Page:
William Hill sells Australian business after regulation and tax hit

William Hill has agreed to sell its Australian arm to Melbourne-based CrownBet after a ban on so-called credit betting in the country forced it to write down the unit’s value.
Philip Bowcock, chief executive, said the sale would allow William Hill to focus on its businesses in the UK and the US, where gambling firms are poised to make the most of a relaxation in regulations expected later this year.
The deal values the division at A$300m (?168m) on an enterprise basis, which includes debt, and A$313.7m on an equity basis.
The bookmaker first ventured into Australia in 2013 with the A$670m purchase of Sportingbet and the A$34m acquisition of  
But the ban on credit betting, where gambling firms extend lines of credit punters can use to bet, as well as the threat of a new tax, led to the company booking a ?238m impairment charge on the division last month.
William Hill sells Australian business after regulation and tax hit

Philip Bowcock says the proceeds from the sale of the Australian business will be put into other areas of the company

Henry Thomas/Henry Thomas
William Hill said the deal needs to be approved by foreign investment and gambling regulators in Australia but that it expects to get the go ahead “in a timely manner”. The deal saw the Stars Group up its stake in CrownBet from 62pc to 80pc to help fund the purchase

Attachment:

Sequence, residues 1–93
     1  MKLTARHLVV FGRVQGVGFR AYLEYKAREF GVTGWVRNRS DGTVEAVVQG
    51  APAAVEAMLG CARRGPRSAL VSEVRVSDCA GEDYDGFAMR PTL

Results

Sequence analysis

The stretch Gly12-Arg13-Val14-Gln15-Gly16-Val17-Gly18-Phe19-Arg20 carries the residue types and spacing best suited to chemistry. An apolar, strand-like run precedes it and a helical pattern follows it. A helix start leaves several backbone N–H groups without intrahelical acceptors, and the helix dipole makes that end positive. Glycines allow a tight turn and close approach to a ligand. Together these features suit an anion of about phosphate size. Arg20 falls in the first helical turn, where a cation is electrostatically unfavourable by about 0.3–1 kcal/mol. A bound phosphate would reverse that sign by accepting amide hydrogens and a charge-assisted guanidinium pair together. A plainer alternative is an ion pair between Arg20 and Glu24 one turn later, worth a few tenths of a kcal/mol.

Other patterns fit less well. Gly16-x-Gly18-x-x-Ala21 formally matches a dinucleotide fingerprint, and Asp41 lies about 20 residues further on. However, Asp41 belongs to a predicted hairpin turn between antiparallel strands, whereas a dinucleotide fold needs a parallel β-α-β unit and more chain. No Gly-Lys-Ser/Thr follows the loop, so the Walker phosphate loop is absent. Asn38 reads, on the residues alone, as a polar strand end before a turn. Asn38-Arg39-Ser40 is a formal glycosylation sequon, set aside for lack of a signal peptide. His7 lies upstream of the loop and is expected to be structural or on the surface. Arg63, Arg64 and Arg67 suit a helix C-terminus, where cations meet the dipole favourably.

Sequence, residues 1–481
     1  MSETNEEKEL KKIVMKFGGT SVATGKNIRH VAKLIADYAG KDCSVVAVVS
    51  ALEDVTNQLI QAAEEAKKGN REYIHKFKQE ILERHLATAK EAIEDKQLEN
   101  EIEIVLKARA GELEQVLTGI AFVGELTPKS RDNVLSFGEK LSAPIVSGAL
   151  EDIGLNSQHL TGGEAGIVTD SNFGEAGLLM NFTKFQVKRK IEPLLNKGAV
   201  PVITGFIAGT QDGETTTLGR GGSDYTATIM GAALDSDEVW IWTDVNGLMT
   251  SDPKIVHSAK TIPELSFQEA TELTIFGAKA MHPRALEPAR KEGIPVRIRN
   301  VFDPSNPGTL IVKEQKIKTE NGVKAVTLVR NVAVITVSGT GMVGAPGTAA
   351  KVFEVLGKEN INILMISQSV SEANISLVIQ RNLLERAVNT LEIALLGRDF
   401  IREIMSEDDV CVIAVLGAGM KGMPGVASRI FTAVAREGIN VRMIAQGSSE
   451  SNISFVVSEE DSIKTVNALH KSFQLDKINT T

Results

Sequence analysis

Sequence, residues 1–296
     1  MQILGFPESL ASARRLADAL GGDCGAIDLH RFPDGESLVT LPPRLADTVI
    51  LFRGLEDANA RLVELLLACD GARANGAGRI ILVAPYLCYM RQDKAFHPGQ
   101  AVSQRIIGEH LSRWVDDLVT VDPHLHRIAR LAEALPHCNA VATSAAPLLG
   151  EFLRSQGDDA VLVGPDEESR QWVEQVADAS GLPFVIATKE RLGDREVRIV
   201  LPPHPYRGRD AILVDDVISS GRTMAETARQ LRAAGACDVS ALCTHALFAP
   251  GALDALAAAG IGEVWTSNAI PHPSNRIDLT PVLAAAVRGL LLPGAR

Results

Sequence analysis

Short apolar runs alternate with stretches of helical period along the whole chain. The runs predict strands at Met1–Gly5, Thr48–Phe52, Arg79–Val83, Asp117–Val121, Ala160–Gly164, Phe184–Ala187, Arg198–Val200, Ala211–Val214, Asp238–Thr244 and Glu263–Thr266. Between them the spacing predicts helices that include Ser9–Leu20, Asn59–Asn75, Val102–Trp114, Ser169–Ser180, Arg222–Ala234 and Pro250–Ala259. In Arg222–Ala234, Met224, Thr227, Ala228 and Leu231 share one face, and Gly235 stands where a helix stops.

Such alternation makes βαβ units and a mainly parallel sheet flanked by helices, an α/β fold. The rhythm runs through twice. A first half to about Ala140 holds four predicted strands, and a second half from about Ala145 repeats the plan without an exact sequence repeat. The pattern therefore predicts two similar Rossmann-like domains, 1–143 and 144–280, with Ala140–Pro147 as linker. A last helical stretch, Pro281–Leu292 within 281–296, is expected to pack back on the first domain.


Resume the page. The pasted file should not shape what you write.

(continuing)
The about-turn by William Hill on exposure to Australia will potentially raise questions about what its UK-based rivals do.
Ladbrokes Coral, which is being bought by GVC, has exposure to the Australian market via its website there but the division is small and the company does not disclose revenue and profit figures for it. Post-acquisition though, it will be an even smaller share of the enlarged group given GVC has no exposure there.
William Hill said it would use the proceeds of the sale to cut its debt and invest in growing the rest of the business.
William Hill shares
Bookmakers including William Hill are hoping for a change of the laws surrounding sports betting in the US this year, given the Supreme Court will issue a ruling on the future of the Professional and Amateur Sports Protection Act (Paspa).
The case, brought by New Jersey governor Chris Christie against the National Collegiate Athletic Association (NCAA), centres on an appeal by Mr Christie against a 2016 court decision in his state to maintain a federal ban on sports betting via Paspa.
The US passed the law because of concerns that sports betting was a national problem which caused harm to its citizens and those in other countries. But that hasn’t stopped a multi-billion dollar black market in US sports betting thriving, something which has helped fuel recent calls for legislation to help protect consumers and provide an income stream for state authorities.
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